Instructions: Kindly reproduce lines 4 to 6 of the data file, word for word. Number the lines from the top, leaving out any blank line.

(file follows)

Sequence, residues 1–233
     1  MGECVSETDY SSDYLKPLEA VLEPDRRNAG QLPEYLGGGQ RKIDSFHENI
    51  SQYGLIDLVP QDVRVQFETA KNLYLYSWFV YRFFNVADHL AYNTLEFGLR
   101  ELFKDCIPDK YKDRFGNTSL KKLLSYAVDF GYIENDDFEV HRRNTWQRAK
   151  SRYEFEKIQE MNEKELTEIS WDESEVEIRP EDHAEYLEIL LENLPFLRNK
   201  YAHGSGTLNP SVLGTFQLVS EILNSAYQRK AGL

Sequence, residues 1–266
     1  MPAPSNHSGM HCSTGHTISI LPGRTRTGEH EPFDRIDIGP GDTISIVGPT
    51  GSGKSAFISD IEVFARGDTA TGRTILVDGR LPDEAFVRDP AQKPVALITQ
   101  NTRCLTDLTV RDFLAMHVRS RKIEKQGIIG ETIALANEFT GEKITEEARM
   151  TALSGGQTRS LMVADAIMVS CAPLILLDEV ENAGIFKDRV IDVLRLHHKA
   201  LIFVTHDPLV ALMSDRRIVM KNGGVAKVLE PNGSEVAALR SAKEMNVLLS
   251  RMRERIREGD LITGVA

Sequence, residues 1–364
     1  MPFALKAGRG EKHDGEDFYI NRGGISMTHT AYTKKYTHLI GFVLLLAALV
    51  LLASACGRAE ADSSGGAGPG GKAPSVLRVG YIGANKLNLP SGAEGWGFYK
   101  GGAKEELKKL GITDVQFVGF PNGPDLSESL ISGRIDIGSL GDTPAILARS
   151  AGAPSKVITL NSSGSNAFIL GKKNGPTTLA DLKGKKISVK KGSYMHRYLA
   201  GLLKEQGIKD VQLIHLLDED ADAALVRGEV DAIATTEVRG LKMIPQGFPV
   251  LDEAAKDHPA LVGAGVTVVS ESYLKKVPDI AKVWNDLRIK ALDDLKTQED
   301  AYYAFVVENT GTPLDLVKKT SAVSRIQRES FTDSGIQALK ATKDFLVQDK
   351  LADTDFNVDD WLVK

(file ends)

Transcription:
   101  ELFKDCIPDK YKDRFGNTSL KKLLSYAVDF GYIENDDFEV HRRNTWQRAK
   151  SRYEFEKIQE MNEKELTEIS WDESEVEIRP EDHAEYLEIL LENLPFLRNK
   201  YAHGSGTLNP SVLGTFQLVS EILNSAYQRK AGL